Badlock flaw is patched, but failed to live up to the security hype

Some accused the developer who found the flaw of ramping up publicity for the bug, a month ahead of its planned patching.

(Image: Badlock/screenshot)

Badlock, the latest security flaw with a catchy name and a logo, has been fixed, but not without stirring the controversy pot.

Samba, an open-source software that connects Linux and Unix servers and Windows PCs over a network, has patched seven separate vulnerabilities, which would allow an attacker to conduct man-in-the-middle or denial-of-service attacks.

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The team said that Samba versions 3.6 and later were affected, but only released fixes on its website for version 4.2 and later.

Collectively, the so-called "Badlock" vulnerability, would allow an attacker to listen in on traffic, trigger a session downgrade, and hijack a session. Simply put, an attacker may be able to reveal user passwords and other sensitive information on an affected server.

The flaw specifically affects Windows servers running Samba, but also affects almost every version of Linux, which Samba is bundled with.

Microsoft addressed the "important" flaw in a patch released on Tuesday as part of its scheduled monthly release of security fixes, but fell shy of rating the issue at the highest-rated "critical" level. A spokesperson said users who apply April updates are "protected automatically."

Josh Bressers, security strategist at Red Hat, one of the Linux distributions affected by the flaw, said in an email that Badlock was "one more potentially dangerous exploit that was identified and addressed by the open source community."

But not everyone thought the bug was as serious as others claimed it was.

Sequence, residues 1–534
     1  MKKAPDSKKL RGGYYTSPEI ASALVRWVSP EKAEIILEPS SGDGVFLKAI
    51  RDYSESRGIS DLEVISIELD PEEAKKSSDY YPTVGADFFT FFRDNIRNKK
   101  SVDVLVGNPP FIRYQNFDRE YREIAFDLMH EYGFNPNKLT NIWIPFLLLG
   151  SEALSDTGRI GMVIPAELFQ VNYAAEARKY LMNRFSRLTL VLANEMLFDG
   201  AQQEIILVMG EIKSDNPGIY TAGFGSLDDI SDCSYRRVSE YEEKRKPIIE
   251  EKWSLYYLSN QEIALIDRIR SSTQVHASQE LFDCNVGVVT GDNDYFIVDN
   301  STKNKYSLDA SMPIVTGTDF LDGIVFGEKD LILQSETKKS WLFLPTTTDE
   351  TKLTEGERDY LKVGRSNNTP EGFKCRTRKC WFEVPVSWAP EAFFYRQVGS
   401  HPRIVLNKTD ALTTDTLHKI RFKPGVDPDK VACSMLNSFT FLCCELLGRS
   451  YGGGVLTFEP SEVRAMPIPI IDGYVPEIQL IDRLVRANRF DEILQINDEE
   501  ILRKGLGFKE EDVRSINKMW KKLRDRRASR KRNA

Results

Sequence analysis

Karl Sigler, threat intelligence manager at security firm Trustwave, said in a blog post on Tuesday that the three-week lead time ahead of the disclosure was a key indicator of what was to come.

"Well, we now know the details and I'm guessing most people will consider Badlock a bust," said Sigler.

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"This is certainly a concern and admins should patch their systems as early as possible. However I can't say that this vulnerability rises to any level that deserves the focus that a dedicated website and three weeks of buildup have given Badlock," he said.

Little was known about the security flaw until today, but it nevertheless drew attention -- if not for the wrong reasons.

The preemptive publicity push has drawn ire from the security community, amid accusations that the latest bug could allow some to exploit the flaw ahead of its scheduled patching in three weeks time.

Stefan Metzmacher, a SerNet employee, found the flaw, but is also named in hundreds of Samba source code files, dating back as far as 2002, according to one analysis.

The close connection between Metzmacher's development work and the discovery of the flaw have led some to accuse the company of trying to profit from what was effectively fixing their own code.

Metzmacher did not respond to questions when we reached out.